Juan Cuadrado

Juan Cuadrado
Image from: worldsoccertalk.com

In the last January transfer window, Chelsea paid Fiorentina over £27m, plus the loan of unsettled Egyptian winger Mohammed Salah, to bring Colombia star Juan Cuadrado to London. So far he has struggled to break into a very settled Chelsea team that strolled to the Premier League title last season.



As a player, Cuadrado offers a lot of value to a team, due to his versatility, being able to play both wings, behind the striker or as a very attacking full back. He also has one trait that Jose Mourinho particularly admires in players, a high workrate.



As a winger he is happy to roam about looking for space, trying to link up with his team mates, while also being extremely willing to track back and provide protection to the full back behind him. As a full back he is similar to Dani Alves, constantly charging forward looking to provide support to the attack, but he is much quicker at getting back into position than Alves.







Cuadrado has lightning pace and blistering acceleration to go with that workrate, that can make him very dangerous charging forward into space, as very few defenders can even hope to get back to him. Added to all the flair, the flicks and tricks he offers, Cuadrado has a decent cross, at times, and can create chances.







The problem is, for me, that his touch is not good enough and is too inconsistent for a long term future in the Chelsea team as a winger. I believe he is more dangerous as an attacking full back, where his touch is not as much of an issue, and he can find himself more space to attack the wide areas.



There are some worries over his temperament:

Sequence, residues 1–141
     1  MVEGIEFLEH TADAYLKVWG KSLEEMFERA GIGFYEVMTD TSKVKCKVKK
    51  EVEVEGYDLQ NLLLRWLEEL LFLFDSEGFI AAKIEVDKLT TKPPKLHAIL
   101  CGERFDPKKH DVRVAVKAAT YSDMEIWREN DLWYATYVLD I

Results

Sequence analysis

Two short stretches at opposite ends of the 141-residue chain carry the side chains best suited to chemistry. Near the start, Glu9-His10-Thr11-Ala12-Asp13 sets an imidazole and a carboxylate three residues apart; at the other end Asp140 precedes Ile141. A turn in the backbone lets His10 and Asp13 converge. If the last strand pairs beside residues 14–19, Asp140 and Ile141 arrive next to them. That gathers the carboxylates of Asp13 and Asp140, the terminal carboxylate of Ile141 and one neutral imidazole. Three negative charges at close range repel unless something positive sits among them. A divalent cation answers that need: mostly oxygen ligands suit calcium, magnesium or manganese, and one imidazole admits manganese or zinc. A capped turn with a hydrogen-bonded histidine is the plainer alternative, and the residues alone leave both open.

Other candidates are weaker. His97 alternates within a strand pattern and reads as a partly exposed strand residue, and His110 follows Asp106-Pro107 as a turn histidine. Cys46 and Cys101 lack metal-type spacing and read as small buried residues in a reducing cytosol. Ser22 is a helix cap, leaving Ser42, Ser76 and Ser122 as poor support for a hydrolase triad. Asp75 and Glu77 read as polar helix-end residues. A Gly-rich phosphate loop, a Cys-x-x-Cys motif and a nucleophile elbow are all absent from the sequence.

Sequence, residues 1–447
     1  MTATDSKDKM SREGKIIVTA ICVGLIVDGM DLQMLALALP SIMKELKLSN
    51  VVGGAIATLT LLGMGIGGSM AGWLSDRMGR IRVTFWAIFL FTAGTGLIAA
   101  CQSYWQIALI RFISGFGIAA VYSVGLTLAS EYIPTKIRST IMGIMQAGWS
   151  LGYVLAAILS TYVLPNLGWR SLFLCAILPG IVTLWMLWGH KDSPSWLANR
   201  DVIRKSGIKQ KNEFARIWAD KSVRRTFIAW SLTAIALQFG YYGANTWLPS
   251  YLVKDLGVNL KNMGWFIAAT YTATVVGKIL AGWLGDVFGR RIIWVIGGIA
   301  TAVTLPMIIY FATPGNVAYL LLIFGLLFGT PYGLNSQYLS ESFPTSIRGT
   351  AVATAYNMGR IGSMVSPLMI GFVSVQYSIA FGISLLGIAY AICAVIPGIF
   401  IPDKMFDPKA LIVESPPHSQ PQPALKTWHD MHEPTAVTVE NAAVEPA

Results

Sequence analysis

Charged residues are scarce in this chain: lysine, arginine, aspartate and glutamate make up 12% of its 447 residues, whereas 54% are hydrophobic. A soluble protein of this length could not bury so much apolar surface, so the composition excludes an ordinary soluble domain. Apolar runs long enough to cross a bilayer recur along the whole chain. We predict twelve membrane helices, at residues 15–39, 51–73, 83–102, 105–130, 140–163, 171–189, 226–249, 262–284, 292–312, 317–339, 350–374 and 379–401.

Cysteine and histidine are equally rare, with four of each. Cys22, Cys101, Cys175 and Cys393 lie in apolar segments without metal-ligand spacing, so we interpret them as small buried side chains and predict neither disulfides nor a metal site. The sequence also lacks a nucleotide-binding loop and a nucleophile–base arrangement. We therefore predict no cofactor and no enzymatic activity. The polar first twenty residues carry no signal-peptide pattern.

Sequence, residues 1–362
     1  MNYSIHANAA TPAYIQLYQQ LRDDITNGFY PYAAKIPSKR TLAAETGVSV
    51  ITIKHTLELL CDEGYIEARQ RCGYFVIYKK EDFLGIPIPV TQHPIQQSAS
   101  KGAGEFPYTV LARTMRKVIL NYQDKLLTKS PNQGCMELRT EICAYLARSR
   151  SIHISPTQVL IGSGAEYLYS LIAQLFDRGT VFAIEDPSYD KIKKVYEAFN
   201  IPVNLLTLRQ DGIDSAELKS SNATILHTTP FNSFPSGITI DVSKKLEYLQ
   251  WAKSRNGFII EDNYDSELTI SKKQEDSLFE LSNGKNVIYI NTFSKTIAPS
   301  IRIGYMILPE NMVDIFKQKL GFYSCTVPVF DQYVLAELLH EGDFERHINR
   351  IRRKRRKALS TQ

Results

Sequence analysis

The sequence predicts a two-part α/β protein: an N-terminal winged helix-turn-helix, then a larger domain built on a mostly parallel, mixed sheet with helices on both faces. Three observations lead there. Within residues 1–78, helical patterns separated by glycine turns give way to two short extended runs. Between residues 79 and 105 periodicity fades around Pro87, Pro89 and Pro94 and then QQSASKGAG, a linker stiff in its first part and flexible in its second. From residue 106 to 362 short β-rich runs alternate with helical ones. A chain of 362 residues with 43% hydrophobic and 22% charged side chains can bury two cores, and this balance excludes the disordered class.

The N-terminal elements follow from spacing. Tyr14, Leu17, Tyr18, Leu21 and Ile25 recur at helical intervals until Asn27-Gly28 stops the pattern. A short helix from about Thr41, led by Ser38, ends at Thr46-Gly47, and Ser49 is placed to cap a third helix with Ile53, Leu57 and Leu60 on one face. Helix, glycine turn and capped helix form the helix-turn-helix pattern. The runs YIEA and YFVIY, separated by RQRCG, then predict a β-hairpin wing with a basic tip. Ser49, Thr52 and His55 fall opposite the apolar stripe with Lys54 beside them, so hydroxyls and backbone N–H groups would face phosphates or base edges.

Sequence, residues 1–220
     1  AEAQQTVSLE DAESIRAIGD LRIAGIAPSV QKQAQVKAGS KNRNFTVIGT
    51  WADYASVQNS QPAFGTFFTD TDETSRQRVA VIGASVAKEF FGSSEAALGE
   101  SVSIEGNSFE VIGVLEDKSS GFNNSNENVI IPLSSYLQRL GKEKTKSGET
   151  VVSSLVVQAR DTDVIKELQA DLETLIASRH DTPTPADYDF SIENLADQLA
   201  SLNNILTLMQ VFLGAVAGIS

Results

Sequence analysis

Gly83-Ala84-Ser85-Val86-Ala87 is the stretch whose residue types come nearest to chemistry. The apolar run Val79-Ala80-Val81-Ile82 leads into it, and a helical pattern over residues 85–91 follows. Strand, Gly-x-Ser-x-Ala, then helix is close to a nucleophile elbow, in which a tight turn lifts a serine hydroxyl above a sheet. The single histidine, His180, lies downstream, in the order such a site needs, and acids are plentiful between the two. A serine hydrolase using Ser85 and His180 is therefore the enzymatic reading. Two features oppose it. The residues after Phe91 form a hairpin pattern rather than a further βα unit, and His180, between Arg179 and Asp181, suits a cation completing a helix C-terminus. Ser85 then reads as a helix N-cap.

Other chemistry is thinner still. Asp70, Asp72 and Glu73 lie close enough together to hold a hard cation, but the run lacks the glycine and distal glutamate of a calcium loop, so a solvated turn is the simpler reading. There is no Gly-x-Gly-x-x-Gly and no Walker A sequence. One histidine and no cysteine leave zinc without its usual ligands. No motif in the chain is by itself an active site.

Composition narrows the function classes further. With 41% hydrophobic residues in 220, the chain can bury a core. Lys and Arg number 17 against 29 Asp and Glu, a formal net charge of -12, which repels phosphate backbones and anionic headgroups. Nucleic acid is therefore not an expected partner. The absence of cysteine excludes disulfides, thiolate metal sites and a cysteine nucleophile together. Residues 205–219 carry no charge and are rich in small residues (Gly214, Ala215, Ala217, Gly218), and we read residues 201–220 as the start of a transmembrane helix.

this punch into Cristian Cueva's back is not the only footage available of him getting into fights on the pitch.







Though he is much better known for playing with a smile on his face and his dancing goal celebrations:





Good to watch at times, but his lack of consistency of touch will hold him back, even though he clearly has the ability to be an exciting player who tears opponents apart. His defensive positioning does need work, if he does move to fullback on a regular basis, but his overall play should be well suited to being one of the best attacking fullbacks in the world.







With Colombia, he is often used to play fullback when the team is losing and needs a result, and when that happens, they look a better team, in my opinion. I just look forward to him getting a run of games with Chelsea to establish himself in any position, just to see that dance on a regular basis. It is one of those goal celebrations that brings a smile to the face, unless he scores against your team, of course.

 

 
Match Date19 Oct 201419 Jan 2014
PositionsCentre BackCentre Back
Corners--
Crossing--
Dribbling1011
Finishing--
First Touch1212
Free Kick Taking--
Heading1415
Long Shots--
Marking1314
Passing1513
Penalty Taking--
Tackling1314
Technique1413
Aggression1515
Anticipation1315
Bravery1514
Composure1412
Concentration1312
Creativity1211
Decisions1214
Determination1415
Flair128
Leadership1212
Off The Ball1110
Positioning1215
Teamwork1215
Work Rate1515
Acceleration1413
Agility1211
Balance1314
Jumping1514
Pace1414
Stamina1214
Strength1516
Vision129

Notes:

Playing For: Swansea City.

19 Oct 2014 Premier League v Stoke City at Britannia Stadium.

Caught out of position repeatedly.
Plays some good passes, good on the ball.

Playing For: Swansea City.

19 Jan 2014 Premier League v Tottenham Hotspur at Liberty Stadium.

Worked well with Chico, they have a good understanding.
Looked to get forward when a chance presented itself, especially when they fell behind. Real determination to keep his team on the front foot.
His strength forced Adebayor to change his play, dropping deeper, rather than right up top where he was outmuscled. Struggled to cope with the player running from deep though.

Written by Ed001 June 26 2018 22:54:54